Monday, September 02, 2013

95 Theses for Christian Racial & Ethnic Unity: #36

The perennial though increasingly invisible theological problem of our times is not race in general but whiteness in particular. The modern racializing of bodies in social space is unintelligible, apart from how Christian identity was reimagined during the Enlightenment and how both the content and the disposition animating Christian theology shifted. Christianity was severed from its Jewish roots, lopped off from the people of Israel to facilitate Western conquest. Thus it came to pass that Christianity became the cultural-religious reflex of Western existence. . . . The question that must be addressed, then, is this: What does it mean to speak with theological imagination from within crises of life and death rather than in scholastic universes and out of the disposition of scholastic reason in the mode of the religious, the disposition whose condition of possibility turns from such painfully real worlds?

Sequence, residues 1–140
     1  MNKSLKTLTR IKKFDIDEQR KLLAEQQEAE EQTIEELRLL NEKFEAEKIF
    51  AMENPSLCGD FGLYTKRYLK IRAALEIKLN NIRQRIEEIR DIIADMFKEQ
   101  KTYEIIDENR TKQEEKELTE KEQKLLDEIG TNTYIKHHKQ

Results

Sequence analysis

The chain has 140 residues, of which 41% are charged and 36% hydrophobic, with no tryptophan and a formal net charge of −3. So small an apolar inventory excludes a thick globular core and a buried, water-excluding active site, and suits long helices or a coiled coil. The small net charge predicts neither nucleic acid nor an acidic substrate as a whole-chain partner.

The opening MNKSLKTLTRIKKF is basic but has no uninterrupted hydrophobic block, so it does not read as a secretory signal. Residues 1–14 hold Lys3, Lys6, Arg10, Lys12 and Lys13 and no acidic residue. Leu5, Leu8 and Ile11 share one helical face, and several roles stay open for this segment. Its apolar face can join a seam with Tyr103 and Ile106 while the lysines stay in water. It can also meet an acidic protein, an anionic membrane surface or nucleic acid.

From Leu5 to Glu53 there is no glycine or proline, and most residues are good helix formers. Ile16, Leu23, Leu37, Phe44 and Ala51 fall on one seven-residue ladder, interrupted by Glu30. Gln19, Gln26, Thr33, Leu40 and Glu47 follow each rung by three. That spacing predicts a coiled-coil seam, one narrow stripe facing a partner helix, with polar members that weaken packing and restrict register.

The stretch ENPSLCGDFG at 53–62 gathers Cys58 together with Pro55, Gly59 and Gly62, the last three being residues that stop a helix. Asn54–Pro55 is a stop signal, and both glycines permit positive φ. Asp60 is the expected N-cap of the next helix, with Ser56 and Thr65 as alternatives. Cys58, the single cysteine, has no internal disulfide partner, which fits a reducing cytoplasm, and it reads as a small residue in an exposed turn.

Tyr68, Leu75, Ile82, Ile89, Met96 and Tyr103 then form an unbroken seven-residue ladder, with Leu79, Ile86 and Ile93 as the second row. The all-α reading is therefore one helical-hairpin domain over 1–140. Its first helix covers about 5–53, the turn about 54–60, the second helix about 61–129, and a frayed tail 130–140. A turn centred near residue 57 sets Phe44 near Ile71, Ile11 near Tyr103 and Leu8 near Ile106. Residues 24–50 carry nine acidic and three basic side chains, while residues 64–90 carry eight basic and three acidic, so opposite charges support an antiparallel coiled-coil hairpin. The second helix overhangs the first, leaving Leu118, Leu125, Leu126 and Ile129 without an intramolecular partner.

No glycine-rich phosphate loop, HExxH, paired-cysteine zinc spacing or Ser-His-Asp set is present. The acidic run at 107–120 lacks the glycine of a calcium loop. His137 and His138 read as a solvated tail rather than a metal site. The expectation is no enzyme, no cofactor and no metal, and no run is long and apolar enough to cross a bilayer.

J. Kameron Carter, Race: A Theological Account (New York: Oxford University Press, 2008), 372, 377.

[Read the Introduction to 95 Theses for Christian Racial & Ethnic Unity here.]

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